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Self-seeding leads to happy garden accidents – The Guardian

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A piece in praise of accidental planting. Or at least, allowing some self-seeding. Every year, now, we have red orach, though it was last sown here 10 years ago. The purple seedlings start sprouting early, signalling when our soil is warm enough to germinate. A trigger to sow our own rows. Some I eat young as salad. Others I cook later, like a crimson spinach. But I always leave a few plants to grow tall and punctuate through the chard and beetroot leaves.

It’s the same, of course, with the nasturtium and calendula that pop up in what might at first feel like an inappropriate place, but with some small management work well and is easy to work around. Others I will move or perhaps not want this year, but being open to some randomness in my growing increasingly appeals.

We have five self-seeded sunflowers currently towering at the plot (they seem to grow a few inches a day). Howard wasn’t sure at first about letting them stay. but I was keen they remain where they were.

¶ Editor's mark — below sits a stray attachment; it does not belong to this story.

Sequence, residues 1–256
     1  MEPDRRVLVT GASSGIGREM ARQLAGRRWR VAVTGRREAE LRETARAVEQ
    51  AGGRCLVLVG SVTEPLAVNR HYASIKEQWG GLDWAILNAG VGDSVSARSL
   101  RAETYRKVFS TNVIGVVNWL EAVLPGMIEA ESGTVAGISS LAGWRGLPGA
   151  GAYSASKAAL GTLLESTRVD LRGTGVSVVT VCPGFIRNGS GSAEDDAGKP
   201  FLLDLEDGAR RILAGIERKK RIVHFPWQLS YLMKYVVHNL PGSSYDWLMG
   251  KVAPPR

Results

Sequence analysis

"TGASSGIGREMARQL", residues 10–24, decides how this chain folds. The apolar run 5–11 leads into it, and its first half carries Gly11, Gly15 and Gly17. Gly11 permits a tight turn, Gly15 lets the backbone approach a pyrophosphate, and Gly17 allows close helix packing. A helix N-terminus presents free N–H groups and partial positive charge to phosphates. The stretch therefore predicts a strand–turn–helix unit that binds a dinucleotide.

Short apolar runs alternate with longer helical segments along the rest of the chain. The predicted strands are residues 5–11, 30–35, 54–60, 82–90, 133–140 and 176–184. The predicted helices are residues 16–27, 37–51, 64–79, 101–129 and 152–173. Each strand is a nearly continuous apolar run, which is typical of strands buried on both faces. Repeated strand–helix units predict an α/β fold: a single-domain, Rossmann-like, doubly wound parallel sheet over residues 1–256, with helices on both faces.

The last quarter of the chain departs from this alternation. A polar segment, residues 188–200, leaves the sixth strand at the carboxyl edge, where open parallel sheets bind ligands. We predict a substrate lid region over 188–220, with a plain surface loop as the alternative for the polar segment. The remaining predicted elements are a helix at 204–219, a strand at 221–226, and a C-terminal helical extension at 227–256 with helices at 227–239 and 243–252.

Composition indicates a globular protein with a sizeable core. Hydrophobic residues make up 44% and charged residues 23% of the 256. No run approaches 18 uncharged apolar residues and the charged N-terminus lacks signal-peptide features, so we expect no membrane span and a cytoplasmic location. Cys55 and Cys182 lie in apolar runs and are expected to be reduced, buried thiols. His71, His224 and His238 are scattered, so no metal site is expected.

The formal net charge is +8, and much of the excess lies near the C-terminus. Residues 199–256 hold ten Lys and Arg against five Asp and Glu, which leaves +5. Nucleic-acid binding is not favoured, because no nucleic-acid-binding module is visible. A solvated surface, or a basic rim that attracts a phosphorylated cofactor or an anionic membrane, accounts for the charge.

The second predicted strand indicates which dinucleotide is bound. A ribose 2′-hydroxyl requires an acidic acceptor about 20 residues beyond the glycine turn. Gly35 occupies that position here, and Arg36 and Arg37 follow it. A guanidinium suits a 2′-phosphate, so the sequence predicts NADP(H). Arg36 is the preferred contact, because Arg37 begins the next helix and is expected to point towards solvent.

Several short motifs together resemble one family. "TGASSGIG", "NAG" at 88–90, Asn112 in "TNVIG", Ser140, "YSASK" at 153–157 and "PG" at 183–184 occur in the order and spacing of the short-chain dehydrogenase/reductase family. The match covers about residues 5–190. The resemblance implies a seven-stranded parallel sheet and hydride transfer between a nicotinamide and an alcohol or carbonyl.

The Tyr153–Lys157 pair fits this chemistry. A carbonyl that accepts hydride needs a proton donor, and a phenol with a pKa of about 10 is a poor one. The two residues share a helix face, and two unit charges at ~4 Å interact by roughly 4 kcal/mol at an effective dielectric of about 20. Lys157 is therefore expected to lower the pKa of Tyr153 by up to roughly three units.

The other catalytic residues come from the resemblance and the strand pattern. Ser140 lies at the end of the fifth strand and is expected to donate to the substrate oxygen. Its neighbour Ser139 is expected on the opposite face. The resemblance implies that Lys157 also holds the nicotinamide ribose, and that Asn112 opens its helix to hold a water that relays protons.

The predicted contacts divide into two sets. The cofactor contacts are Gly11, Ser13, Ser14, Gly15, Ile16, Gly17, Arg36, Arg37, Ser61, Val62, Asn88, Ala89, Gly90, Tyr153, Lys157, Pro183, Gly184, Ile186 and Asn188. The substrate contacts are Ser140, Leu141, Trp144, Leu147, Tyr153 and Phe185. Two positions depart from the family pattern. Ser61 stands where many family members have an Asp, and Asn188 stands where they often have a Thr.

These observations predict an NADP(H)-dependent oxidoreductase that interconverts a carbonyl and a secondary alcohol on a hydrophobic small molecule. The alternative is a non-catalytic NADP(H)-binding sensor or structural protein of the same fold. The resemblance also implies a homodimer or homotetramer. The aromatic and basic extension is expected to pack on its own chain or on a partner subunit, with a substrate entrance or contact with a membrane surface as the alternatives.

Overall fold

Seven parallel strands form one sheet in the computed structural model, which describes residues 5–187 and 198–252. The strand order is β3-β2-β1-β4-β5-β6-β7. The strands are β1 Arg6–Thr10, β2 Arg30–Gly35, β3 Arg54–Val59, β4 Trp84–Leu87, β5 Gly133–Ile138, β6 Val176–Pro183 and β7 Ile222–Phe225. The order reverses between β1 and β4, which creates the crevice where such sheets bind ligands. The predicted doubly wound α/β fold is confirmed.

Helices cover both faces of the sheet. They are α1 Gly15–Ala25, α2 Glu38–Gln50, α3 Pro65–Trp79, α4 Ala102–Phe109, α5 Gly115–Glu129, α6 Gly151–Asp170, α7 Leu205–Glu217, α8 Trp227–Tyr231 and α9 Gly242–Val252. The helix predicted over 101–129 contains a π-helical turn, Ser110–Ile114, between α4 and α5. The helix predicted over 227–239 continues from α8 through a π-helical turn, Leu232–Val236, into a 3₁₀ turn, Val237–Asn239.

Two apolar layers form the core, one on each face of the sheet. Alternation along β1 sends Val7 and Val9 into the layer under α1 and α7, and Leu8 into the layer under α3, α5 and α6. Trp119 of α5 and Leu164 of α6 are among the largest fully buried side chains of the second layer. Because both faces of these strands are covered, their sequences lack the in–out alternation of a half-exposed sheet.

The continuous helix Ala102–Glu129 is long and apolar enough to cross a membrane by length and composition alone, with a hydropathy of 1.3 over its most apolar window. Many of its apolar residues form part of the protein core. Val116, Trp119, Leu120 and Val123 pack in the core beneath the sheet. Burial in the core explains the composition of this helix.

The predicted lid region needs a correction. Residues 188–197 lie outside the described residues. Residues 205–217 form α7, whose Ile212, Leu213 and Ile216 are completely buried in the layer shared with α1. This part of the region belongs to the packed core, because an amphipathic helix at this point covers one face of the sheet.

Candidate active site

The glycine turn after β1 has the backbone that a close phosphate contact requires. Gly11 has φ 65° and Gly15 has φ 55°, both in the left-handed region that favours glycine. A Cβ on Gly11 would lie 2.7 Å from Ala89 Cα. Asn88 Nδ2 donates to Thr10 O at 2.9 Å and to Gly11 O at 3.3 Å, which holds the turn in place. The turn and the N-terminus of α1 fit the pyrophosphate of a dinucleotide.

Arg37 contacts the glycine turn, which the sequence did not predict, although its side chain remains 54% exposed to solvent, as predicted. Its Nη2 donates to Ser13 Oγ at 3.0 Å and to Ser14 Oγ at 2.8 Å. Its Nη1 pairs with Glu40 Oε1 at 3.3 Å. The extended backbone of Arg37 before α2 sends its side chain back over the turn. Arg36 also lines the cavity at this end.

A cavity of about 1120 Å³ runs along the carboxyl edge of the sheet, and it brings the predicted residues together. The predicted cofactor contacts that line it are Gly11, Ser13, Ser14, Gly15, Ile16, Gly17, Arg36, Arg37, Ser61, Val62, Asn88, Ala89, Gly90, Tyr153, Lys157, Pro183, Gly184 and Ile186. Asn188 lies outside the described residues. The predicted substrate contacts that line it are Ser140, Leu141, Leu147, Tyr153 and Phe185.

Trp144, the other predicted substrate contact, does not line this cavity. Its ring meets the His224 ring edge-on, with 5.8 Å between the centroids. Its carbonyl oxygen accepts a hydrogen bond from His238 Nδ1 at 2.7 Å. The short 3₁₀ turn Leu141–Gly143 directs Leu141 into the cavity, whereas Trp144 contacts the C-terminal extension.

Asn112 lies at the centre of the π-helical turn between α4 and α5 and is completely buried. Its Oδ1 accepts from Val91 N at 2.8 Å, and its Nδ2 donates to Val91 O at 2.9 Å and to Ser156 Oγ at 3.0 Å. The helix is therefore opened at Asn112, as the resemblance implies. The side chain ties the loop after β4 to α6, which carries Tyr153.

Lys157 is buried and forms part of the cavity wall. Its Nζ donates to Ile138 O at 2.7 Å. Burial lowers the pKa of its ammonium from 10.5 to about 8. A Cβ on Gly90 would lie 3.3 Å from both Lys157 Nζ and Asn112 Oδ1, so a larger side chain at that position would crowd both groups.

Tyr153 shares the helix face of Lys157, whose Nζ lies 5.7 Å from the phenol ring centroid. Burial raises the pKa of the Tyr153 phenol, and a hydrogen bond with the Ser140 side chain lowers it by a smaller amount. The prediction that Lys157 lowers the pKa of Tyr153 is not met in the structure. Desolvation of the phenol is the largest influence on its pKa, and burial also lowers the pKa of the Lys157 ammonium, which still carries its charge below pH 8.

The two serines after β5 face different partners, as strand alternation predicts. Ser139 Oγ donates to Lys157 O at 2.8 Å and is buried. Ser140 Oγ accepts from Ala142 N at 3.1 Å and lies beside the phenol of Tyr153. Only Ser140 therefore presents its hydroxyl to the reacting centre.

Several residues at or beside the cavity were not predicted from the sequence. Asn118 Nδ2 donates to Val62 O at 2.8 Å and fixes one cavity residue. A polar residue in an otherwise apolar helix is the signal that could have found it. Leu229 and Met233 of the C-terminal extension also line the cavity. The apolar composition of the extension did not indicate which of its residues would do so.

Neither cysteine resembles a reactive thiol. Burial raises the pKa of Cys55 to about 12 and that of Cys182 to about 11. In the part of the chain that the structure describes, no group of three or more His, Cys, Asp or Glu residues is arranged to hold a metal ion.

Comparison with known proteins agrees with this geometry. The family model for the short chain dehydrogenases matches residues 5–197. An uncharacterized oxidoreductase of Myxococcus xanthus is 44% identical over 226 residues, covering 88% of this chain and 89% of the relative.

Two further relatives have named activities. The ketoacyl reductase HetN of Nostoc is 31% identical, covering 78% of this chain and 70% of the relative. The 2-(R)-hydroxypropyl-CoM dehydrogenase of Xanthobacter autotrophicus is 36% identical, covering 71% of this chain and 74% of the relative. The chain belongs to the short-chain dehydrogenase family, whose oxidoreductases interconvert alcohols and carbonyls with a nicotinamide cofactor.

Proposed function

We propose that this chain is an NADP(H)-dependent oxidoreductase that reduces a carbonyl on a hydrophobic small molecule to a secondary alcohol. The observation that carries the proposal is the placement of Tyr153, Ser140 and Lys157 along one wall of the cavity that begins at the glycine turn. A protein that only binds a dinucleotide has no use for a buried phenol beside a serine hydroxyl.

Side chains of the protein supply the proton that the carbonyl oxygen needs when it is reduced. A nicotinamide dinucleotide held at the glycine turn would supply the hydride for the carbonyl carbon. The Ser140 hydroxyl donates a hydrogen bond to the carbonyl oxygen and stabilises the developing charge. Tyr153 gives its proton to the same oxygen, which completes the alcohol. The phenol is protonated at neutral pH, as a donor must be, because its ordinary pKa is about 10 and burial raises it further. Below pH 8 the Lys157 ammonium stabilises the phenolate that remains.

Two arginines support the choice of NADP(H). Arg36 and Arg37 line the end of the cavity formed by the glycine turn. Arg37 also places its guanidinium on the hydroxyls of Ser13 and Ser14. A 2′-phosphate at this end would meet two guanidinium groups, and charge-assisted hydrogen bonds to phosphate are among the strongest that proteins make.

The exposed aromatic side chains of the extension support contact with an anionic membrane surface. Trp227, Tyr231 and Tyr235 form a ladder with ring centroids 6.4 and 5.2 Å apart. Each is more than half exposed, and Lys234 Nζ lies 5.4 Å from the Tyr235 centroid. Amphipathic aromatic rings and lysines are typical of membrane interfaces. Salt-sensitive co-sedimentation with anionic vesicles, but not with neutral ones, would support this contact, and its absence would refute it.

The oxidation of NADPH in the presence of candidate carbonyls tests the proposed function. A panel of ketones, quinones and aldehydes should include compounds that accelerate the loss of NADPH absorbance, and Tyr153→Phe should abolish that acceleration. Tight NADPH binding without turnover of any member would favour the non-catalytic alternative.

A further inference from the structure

They create structure without much shade and I am loving them this year. I don’t yet know what colours or variety they are. It will be easier to see when they flower.

I probably draw the line at growing potatoes from spuds I missed last year, but it seems to suit me and the space to let other things happen. We have a random but beautiful 6ft fennel growing in harmony with the peas. There is always amaranth that I like to watch grow through to flower and seed (hence its repeated presence every year).

Maybe I’ve relaxed a little now I am older, but keeping something of a wind-sown plot can make for a beautiful thing. So, take this as a quiet plea to not automatically weed out everything that wasn’t first planned.

Allan Jenkins’s Morning (4th Estate, £8.99) is out now. Order it for £7.91 from guardianbookshop.com

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